When asked about why they lacked financial knowledge, the barrier most commonly acknowledged by participants was lack of financial information taught at school (91%). Also 55% of participants reported feeling discouraged from learning about finance because they were women. This is consistent with reports of female students being discouraged from studying subjects such as science, technology, engineering and mathematics (STEM).”
Oh please! That’s a reach isn’t it? Did male students receive additional education regarding financial information at school? With no corresponding results for young men, the value of the stats provided above – in terms of supporting a gendered agenda – are dubious.
And as for the validity of measuring how people “feel” about things, I would refer you to this paper.
Why financial literacy matters for women
Women working full-time currently earn 84% of a man’s pay – at a 20 year average. The impact is this: women will earn around [A$650,000 less than men across their lifetimes].
While the pay gap is considerable, the “super gap” is even greater. On average women will accumulate 46.6% less in superannuation than men, and one in three women retire with no super at all. Superannuation is the second largest asset for most Australian households, (second only to housing) and contributes significantly to economic security and savings at retirement.
The pay gap is based on the average for all men and all women, and when analysed it becomes clear that there a significant variations in the extent of the gap (even with respect to which gender is favoured).
Insufficient superannuation and savings at retirement have also been linked to high rates of homelessness experience by older women – a point that has been emphasised by Homelessness Australia. While there are many factors that contribute to homelessness, from drug and alcohol abuse, lack of affordable housing and domestic violence, a 2013 study by Adam Steen and David MacKenzie suggests that the little research done is this area indicates poor financial literacy is also a contributing factor.
Difference in superannuation savings between women and men are driven by interrelated factors including: the gender pay gap, more frequent participation of women in lower paid industries and jobs, disproportionate participation of women in part-time and casual positions. Also influencing this trend are the fragmented work patterns as a result of time taken off for unpaid care and pregnancy related workplace discrimination. Women also typically retire earlier and live longer than men – up to 4.4 years longer for a female born today.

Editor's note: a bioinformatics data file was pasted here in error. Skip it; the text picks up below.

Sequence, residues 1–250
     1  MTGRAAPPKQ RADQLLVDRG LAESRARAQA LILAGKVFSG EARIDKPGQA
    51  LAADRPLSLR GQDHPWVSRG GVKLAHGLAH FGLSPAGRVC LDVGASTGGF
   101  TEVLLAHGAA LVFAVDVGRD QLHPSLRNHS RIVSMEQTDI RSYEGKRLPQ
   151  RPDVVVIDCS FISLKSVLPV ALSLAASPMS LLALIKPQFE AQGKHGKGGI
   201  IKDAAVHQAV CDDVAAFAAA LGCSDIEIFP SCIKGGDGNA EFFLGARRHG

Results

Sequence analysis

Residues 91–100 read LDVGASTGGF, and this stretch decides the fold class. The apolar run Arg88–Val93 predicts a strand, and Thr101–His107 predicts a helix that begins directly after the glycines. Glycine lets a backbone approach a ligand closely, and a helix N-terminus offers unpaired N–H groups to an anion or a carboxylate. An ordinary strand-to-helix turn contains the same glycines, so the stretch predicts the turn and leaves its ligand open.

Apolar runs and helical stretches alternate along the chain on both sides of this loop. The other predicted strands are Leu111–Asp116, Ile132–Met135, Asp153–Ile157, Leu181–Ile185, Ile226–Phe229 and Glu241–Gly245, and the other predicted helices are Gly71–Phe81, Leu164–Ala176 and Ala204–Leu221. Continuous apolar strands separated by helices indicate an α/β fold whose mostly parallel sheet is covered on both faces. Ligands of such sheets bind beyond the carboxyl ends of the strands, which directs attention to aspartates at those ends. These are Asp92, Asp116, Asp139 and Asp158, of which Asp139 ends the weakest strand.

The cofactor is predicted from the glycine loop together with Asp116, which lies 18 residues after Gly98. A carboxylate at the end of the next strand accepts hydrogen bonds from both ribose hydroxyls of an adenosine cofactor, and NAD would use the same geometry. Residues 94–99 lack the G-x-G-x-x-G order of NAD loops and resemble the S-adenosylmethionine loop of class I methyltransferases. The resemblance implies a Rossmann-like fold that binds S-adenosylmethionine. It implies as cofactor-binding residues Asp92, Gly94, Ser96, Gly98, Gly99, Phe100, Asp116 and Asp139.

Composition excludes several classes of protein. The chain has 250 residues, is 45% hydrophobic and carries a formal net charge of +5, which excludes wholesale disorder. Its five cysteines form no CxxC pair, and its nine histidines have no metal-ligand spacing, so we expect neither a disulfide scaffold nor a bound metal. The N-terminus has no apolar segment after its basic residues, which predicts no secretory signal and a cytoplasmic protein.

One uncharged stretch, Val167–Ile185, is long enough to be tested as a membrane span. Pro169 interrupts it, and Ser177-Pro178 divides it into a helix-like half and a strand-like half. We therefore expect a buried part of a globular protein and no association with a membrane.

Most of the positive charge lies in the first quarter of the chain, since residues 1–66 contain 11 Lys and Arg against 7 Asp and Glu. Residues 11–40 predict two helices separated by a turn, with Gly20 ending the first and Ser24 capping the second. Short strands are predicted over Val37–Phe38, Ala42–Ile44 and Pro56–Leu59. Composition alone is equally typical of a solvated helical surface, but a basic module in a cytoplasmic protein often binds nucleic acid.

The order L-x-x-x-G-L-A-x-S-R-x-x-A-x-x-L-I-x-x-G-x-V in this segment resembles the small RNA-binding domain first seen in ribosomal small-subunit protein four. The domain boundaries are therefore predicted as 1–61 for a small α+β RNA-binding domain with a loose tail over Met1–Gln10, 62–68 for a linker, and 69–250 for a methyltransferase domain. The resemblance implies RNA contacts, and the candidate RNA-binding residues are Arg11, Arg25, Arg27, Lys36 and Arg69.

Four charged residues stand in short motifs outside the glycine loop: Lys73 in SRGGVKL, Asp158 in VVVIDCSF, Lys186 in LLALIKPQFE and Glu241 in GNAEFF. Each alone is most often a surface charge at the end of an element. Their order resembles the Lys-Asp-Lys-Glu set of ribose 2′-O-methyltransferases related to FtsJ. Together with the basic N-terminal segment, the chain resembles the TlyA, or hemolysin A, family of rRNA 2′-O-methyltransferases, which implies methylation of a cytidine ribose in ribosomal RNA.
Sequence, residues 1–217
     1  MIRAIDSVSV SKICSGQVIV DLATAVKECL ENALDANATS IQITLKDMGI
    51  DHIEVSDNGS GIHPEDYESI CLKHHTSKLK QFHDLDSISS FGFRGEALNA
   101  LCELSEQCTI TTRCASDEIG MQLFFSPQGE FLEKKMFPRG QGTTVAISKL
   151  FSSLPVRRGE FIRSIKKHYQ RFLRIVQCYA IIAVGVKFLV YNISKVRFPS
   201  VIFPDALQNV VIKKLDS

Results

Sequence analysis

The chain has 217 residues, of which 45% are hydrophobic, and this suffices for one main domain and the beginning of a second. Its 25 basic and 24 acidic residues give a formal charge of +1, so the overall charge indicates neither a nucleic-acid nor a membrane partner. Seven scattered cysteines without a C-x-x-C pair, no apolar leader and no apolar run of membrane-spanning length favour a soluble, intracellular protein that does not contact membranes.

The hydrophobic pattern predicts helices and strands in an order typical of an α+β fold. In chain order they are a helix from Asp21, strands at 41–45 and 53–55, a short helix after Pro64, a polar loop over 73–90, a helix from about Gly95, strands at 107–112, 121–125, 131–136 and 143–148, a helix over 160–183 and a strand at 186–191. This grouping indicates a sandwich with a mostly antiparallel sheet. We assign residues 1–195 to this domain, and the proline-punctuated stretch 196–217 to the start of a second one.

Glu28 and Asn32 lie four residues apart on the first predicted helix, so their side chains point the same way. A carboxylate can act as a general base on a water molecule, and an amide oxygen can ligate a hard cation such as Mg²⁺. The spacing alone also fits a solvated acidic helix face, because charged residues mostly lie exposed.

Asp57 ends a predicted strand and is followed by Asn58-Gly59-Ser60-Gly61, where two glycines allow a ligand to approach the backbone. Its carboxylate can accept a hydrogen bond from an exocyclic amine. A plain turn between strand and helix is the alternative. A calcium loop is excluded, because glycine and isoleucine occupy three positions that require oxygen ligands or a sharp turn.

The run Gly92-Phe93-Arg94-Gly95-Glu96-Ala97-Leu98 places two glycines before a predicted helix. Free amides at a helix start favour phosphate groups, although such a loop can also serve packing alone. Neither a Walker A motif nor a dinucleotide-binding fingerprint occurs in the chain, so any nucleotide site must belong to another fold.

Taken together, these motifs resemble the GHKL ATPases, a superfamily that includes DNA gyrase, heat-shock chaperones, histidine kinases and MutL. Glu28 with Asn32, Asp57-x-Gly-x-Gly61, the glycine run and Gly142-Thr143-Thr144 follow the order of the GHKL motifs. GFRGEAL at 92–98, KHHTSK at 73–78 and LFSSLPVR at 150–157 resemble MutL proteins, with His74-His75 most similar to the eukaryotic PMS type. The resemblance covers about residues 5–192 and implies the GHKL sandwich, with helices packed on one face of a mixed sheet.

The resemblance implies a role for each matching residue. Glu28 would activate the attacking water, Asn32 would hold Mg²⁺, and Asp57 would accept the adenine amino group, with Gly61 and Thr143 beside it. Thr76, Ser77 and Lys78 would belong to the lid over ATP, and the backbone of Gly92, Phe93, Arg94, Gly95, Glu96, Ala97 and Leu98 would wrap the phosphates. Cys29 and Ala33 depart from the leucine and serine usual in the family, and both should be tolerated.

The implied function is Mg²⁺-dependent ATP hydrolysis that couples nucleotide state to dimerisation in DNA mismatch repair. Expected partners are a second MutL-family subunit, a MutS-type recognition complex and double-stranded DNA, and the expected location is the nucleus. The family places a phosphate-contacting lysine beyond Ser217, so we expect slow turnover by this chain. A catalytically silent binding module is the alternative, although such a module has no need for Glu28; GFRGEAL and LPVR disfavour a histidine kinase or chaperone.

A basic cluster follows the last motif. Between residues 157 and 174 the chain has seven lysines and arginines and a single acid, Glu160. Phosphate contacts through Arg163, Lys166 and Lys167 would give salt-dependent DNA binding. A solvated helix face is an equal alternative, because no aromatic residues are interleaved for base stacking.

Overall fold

These are mainly issues of personal choice. Choose different options, for example taking a job in a higher paid sectors, and the situation changes regardless of gender – as stated in the following paper (and countless others).
“A Department of Labor study released in 2009, which reviewed upwards of 50 peer-reviewed papers, concluded the wage gap, “may be almost entirely the result of individual choices being made by both male and female workers.”
“Women, more than men, show a demonstrated preference for lower risk occupations with greater workplace safety and comfort, and they are frequently willing to accept lower wages for the greater safety and reduced probability of work-related injury or death”” (Source)
In addition to these structural and social factors, our data suggests that women are ill-equipped to manage long-term financial investments.
That sounds almost sexist doesn’t it? … whilst readers can only speculate how much better-equipped men in the same cohort are, as the relevant information is omitted from the “data”.
And then there are the other factors that might have a bearing on women’s relative unwillingness or inability to commit to long-term financial plans. One of these is female hypergamy, and one of the authors responded to this suggestion in the following manner:
Do you, dear reader, consider the author’s response to be a) Objective b) Scholarly or c) Butthurt (Circle correct answer/s)
Some other possible factors are mentioned in the readers comments that follow the article, for example the relative confidence of men v women (as distinct from actual knowledge or skill). Willingness to take risk was also mentioned.
Reduced financial literacy amongst women in comparison to men was acknowledged by the Australian government in 2008 and again by the NSW Council of Social Services in 2016. Likewise it has been acknowledged in the United States and further afield. Our data suggests little has changed.
But the authors earlier asserted that homelessness was highly correlated with financial literacy, and yet there are far more homeless men than women. Would someone please explain?
I’m perfectly willing to accept that financial literacy is a significant factor, for both men and women, in achieving financial security later in life. And yes, this should be a major focus in terms of designing appropriate remedial action.
What I am not willing to accept however is:
- Designing and providing educational programs for financial literacy that are not available to both men/boys and women/girls
- Extending financial support or other incentives to women, but not men (as in the case, for example, of the ANZ staff Super payment mentioned in this blog post).
And more publicly-funded ‘research’ like this!
Women’s superannuation not so super: The $120,000 gender gap (27 October 2017)
Aussie retirement gender gap much larger than US, UK (17 October 2017)
Brisbane small business to pay female employees more superannuation than male co-workers (28 September 2017)
Superannuation is sexist (6 September 2017) Video
Claims super is ‘biased’ against women are nonsense (30 July 2017)